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Old 22-03-2019, 03:03 PM
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Allan_L (Allan)
Member > 10year club

Allan_L is offline
Join Date: Mar 2008
Location: Central Coast NSW
Posts: 3,206
Aperture and focal length and magnification

Welcome Mario to IceInSpace
So the highest theoretical magnification is often regarded as being twice the aperture (in mm). So a 125mm (5") scope could produce magnification upto 250 times. (subject to atmospheric conditions etc). Note we rarely get to the theoretical max due to crappy seeing conditions.

The magnification you can get is a function of the focal length and the eyepiece. Eg: a telescope with 650 mm focal length and using a 10mm eyepiece will produce a magnification of (650 / 10) 65 times. A 25mm eyepiece with the same scope will give 26 times.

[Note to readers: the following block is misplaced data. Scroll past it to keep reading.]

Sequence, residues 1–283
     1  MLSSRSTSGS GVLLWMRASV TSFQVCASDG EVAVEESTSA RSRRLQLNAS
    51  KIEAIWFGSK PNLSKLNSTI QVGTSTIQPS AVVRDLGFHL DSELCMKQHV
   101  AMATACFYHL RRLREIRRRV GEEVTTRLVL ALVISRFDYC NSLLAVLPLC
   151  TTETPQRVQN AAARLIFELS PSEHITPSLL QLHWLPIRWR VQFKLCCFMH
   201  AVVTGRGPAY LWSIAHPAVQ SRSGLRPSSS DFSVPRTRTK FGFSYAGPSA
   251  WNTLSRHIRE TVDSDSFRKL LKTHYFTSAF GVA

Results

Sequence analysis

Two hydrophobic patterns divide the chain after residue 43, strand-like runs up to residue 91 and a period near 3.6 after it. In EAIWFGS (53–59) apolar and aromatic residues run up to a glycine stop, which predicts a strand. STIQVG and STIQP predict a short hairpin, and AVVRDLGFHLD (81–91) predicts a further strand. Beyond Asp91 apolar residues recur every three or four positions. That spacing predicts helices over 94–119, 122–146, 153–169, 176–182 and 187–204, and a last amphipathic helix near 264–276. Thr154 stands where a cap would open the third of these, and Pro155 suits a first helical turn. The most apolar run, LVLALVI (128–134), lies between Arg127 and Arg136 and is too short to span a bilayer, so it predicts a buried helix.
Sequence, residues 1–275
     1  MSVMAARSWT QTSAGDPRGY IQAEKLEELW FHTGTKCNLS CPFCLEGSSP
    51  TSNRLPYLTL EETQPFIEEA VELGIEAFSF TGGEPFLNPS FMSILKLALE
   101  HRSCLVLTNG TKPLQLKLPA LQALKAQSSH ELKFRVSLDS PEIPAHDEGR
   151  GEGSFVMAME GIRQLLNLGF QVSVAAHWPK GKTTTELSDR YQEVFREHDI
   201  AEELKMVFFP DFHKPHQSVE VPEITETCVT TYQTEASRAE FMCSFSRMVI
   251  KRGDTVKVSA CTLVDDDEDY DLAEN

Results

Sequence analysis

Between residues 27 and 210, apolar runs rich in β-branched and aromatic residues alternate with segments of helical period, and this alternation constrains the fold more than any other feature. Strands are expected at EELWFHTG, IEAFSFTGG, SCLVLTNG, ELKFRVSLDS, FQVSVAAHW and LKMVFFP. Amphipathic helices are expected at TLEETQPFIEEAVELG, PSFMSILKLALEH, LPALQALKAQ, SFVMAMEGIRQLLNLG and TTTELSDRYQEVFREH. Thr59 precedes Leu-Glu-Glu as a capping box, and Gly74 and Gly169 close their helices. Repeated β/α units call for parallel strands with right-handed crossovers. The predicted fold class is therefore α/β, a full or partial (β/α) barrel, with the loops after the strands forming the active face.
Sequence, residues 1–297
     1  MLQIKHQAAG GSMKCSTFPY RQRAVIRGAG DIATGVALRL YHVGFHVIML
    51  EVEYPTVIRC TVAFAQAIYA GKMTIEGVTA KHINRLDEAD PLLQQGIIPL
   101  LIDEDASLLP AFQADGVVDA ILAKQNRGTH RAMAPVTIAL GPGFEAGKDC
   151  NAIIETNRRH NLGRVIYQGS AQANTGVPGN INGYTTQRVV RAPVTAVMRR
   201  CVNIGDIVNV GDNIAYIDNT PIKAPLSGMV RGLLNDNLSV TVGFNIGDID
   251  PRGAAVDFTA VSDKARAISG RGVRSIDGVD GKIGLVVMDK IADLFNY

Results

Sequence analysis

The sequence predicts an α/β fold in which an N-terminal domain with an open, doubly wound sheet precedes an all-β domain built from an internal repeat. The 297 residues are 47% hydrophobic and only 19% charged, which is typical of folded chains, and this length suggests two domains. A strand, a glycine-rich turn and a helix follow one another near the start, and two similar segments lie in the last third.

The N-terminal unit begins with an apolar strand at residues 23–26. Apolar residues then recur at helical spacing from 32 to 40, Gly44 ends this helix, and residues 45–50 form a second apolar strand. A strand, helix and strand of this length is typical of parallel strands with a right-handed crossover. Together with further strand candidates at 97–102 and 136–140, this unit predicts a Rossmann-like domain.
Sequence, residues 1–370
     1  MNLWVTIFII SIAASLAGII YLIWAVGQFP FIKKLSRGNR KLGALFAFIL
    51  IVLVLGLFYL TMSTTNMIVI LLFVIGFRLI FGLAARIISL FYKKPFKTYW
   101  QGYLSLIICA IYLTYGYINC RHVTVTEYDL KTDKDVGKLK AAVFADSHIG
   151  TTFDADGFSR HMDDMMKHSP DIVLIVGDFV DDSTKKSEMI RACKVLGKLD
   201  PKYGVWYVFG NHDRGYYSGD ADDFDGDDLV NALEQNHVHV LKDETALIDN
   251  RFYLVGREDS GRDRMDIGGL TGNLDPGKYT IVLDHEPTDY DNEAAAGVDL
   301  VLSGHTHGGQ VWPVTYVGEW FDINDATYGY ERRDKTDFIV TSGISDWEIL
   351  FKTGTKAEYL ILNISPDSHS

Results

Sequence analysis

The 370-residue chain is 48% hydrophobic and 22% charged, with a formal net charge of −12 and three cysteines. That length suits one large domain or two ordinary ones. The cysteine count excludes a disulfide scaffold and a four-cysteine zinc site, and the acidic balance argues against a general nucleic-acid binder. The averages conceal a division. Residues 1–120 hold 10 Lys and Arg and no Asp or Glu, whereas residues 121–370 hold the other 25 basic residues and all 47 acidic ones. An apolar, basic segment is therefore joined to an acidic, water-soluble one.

Planets are relatively small, so you need a high magnification to get a pleasing view (people often suggest around 100-150 magnification).

DSO's are normally much larger so much smaller magnification is usually better viewing. But these are distant and dimmer, so the more light (bigger aperture) the better.

Hope this helps as a starter.

Feel free to ask lots of questions.

Oh, and re priority 4: astronomic scopes are not normally much good for terrestrial viewing due to image inversion and/or reversal (depending on type of scope).

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